Ensure that the players make eye contact before passing and the receiver shows their hands as a target. With a bounce pass, the pass will need to bounce more than half way to the teammate. The players should take a big step towards their partner, extend their elbows and snap their down to make a good pass.

Offense

Fundamentals of the Triple Threat

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  • Triple threat is the ideal athletic stance for players to stand in when they have the ball.
  • It is referred to as the triple threat position because the players are a threat to 1. Shoot, 2. Pass, 3. Dribble.
  • The triple threat stance requires players to bend their knees with their feet a little wider than shoulder width apart. The players will hold the ball and bend their elbows so they are strong and place the ball slightly towards their dominant hand side.

1.2.3. Triple Threat

(2 x 1 minute)
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  • Have the players line up on the baseline with a ball.
  • The players should stand straight up and hold the ball.
  • After the coach says “1.2.3.” all of the players and the coach say “Triple Threat!” as they drop down into a good triple threat stance.
  • Have the players stand up in a relaxed position before repeating the drill.

Key Points

Make sure the players are in a good stance and understand the reason why.

Footwork and Conditioning

Explosion Leaps

(2 x sideline to sideline)
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  • All players will start on the sideline in a low squatting position with their knees bent, butt down, and hands on the floor in front of them.
  • On the coach’s command, the players will then explode by jumping up and out as high and as far as they can.
  • The players will land balanced on two feet and repeat this movement until they reach the opposite sideline.

Key Points

Emphasize leaping as high and as far as possible while controlling their body. This exercise will help players work on coordination, jumping and landing, as well as endurance.

Team Concepts

10%
10%

Shooting Line Game

(2 games to 8 makes)
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  • Divide the players into two or more group lines and have each group at a designated shooting spot on the court.
  • The group lines will operate as a team and keep their score together.
  • The players will shoot one time, get their rebound, give it to the next player and return to the back of the same line.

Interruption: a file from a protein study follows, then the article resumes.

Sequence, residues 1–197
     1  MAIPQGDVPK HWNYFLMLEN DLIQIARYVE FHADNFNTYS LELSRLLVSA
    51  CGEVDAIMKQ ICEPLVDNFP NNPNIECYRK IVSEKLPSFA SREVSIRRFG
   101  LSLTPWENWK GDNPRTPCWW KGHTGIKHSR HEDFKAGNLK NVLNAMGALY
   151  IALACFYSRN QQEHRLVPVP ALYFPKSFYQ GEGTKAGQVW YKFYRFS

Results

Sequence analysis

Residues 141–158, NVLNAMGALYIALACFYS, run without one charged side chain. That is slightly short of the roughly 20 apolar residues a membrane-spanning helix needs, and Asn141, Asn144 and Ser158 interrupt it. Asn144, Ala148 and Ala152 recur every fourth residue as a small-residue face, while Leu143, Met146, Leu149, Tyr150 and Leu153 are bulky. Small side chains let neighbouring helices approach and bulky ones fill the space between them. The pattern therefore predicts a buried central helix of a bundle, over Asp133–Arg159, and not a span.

• Continue this drill until one team makes the designated number of shots. Then switch spots and repeat.

jrnba_rookie_pp1_shootinglinegame_diagram1jrnba_rookie_pp1_shootinglinegame_diagram2

diagram

Key Points

Have the players count the makes out loud for all teams to hear. Encourage the players to cheer for their teammates and utilize the shooting form they have worked on.

Competing

10%
10%

Red Light

(1-2 games)
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  • All players will start on the baseline with a basketball and the coach will stand at the opposite baseline with his back to the players.
  • When the coach says “Green light,” the players will dribble and jog/run toward the other baseline while dribbling.
  • When the coach says “Yellow light,” the players will walk while dribbling.
  • When the coach says “Orange light,” the players must walk backwards while dribbling.
  • When the coach says “Red light,” the players must quickly come to a jump stop and stay in the triple threat stance. At the same time, the coach will turn around and try to catch the still moving.
  • When the coach says “Red light,” and turns around, if the coach sees a player still dribbling or moving, the player must return to the baseline and start over.

Key Points

Make this a fun game for the players to work on their ball handling. Ensure that the players are dribbling and taking controlled dribbles as they move.

Compliment Session

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  • Gather the players in the middle of the court and encourage them to raise their hand and give another teammate a compliment.
  • If needed, have the coach start the session by giving a compliment and let the players follow.

Key Points

All compliments should be natural. Not every player has to give or receive a compliment.

Skills Checklist

At the conclusion of the Rookie Level, Jr. NBA players should be proficient at each of the following skills. Judging proficiency at this level is the responsibility of the coach.

Ball Handling

    Passing

      Shooting

        Rebounding

          Footwork & Conditioning

            Offense

              Defense

                Other